Pelvic congestion syndrome, aka pelvic venous insufficiency, is a condition that effects approximately 15-40% of women aged 20-50yo. This problem causes chronic pelvic pain due to varicose veins within the pelvis. This causes blood to pool within the bulging veins of the pelvis, causing pain. These abnormal veins can be secondary to abnormalities of the gonadal veins or a compression of a vein in the pelvis called, May-Thurner. Unfortunately, this is an underdiagnosed condition for women suffering with chronic pelvic pain.

Chronic pelvic pain is classified by pain in the lower abdomen/pelvis for more than 6 months. 60% of women who suffer from pelvic pain never get a proper diagnosis. The diagnosis for PCS is often not thought of as a diagnosis during evaluation and worku

Risk Factors For PCS

2 or More Pregnancies

Varicose Veins

Polycystic Ovaries

Hormonal Imbalance

Classic Symptoms

  • Worse pain with standing, sitting and physical activity

  • Improved pain with lying down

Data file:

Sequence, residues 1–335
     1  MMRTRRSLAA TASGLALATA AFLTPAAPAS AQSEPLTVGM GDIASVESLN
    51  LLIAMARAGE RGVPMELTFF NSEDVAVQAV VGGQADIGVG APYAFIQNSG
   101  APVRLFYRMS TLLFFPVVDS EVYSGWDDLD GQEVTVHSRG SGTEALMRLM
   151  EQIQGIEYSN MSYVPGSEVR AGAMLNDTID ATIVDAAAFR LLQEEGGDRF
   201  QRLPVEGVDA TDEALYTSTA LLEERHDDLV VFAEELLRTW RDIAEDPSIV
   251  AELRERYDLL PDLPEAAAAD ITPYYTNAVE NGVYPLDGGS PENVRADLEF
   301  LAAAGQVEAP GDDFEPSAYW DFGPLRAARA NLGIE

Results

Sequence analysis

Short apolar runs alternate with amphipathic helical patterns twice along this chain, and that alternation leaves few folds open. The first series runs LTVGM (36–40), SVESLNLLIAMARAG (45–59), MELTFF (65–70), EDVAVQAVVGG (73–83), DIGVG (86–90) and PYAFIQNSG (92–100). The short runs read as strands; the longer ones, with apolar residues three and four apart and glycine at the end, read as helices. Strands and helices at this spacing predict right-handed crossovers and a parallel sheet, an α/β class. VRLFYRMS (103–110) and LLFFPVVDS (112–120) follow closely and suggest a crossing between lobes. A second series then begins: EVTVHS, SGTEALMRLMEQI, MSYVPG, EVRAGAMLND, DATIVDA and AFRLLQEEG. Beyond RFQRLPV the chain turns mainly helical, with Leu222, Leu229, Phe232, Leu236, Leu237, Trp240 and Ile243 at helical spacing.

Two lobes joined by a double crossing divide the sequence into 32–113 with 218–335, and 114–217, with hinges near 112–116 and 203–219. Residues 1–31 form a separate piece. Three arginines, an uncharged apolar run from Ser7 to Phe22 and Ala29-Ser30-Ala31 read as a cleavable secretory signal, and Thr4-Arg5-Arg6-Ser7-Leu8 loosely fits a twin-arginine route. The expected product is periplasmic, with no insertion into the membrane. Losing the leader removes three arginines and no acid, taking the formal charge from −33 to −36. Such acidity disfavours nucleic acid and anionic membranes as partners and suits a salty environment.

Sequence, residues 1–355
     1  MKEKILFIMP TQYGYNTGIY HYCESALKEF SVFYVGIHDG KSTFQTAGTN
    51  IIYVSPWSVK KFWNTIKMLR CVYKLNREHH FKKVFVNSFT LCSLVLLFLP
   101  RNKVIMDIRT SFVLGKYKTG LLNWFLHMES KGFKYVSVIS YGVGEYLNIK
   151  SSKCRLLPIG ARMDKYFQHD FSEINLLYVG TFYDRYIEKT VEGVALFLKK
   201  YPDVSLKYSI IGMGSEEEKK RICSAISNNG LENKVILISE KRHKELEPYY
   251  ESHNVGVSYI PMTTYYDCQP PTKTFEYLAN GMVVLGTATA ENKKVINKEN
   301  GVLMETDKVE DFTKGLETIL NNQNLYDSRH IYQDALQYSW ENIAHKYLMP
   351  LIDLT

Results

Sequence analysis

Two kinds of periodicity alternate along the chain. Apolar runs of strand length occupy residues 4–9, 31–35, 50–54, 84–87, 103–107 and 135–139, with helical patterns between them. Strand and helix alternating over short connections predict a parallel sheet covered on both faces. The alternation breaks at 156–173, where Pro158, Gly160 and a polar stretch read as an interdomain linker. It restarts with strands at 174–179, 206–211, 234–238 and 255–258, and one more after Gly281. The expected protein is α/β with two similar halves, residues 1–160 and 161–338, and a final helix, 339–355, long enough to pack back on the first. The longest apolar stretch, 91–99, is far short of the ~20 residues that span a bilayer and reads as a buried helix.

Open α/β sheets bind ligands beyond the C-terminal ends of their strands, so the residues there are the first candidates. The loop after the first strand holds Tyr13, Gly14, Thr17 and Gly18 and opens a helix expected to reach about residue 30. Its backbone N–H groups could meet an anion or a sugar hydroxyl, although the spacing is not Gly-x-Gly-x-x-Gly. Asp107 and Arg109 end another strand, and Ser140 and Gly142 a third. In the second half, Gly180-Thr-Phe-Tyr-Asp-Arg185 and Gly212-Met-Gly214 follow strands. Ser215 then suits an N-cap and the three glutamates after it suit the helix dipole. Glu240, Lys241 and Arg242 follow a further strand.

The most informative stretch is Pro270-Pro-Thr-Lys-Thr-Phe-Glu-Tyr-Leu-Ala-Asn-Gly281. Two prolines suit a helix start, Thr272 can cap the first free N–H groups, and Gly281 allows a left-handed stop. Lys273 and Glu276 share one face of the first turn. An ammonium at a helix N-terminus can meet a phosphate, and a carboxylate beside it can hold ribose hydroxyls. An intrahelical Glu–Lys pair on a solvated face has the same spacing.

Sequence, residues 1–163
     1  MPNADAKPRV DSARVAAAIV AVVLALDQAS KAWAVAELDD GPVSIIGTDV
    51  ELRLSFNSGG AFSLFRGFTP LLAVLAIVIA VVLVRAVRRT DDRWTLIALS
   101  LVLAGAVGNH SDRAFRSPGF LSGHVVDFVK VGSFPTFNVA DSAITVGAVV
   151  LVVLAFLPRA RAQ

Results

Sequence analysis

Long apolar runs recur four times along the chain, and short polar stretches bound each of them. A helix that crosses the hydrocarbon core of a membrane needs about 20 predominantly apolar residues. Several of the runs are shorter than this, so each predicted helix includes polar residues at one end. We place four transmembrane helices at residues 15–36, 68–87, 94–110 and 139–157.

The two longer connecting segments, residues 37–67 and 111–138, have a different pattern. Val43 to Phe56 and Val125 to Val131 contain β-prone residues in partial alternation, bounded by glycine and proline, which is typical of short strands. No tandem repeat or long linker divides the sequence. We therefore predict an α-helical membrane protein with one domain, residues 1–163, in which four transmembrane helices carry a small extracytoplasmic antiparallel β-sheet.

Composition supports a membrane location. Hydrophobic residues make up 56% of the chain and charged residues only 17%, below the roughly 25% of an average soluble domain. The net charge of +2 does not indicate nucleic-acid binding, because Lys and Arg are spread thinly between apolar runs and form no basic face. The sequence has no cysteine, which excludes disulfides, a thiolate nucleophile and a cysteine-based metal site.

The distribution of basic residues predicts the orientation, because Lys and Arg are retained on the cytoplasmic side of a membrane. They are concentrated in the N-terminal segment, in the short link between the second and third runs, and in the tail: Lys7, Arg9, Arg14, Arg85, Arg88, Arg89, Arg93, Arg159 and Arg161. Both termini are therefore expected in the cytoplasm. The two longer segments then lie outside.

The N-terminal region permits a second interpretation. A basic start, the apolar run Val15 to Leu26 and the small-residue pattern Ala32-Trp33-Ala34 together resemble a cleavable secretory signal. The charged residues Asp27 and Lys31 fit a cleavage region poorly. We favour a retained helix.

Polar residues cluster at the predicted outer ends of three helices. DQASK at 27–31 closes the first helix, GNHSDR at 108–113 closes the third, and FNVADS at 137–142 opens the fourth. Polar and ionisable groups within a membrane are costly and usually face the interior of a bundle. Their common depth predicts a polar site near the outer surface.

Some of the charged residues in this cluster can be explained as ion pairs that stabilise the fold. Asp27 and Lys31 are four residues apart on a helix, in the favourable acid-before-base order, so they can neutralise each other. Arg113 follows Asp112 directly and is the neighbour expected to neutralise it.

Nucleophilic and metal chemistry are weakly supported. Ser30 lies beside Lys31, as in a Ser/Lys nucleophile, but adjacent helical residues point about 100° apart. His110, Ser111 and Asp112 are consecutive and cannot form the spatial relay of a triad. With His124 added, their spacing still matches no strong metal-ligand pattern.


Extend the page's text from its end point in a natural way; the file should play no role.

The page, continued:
• Abnormal menstrual bleeding

  • Irritable bladder

  • Vaginal discharge

  • Varicose Veins

  • PoTS syndrome

  • Interstitial Cystitis

  • Migraines

  • Irritable bowel syndrome

Treatment Options

ILIAC VENOUS STENTING

Pelvic congestion syndrome can be secondary to compression of the left common iliac vein, draining vein in the pelvis. This is due to an anatomical compression of the right iliac artery compressing the left common iliac vein. By limiting the drainage of blood out of the pelvis, blood finds alternative routes through veins in the pelvis and spine, causing them to dilate and potential cause pain.

Treatment involves placement of a stent within the compressed iliac vein, to regain its normal size and decompress venous pressure in the pelvis.

OVARIAN VEIN EMBOLIZATION

Dilation of the pelvic veins may also be secondary to a leaky gonadal vein, allowing blood to back up into the pelvis instead of moving forward to the heart. This is interrogated by performing a venogram, or dye test with X-ray, to watch blood flow within the gonadal vein. If reflux is noted, along with dilated varicose veins within the pelvis, the vein is shut down with coils, or embolized.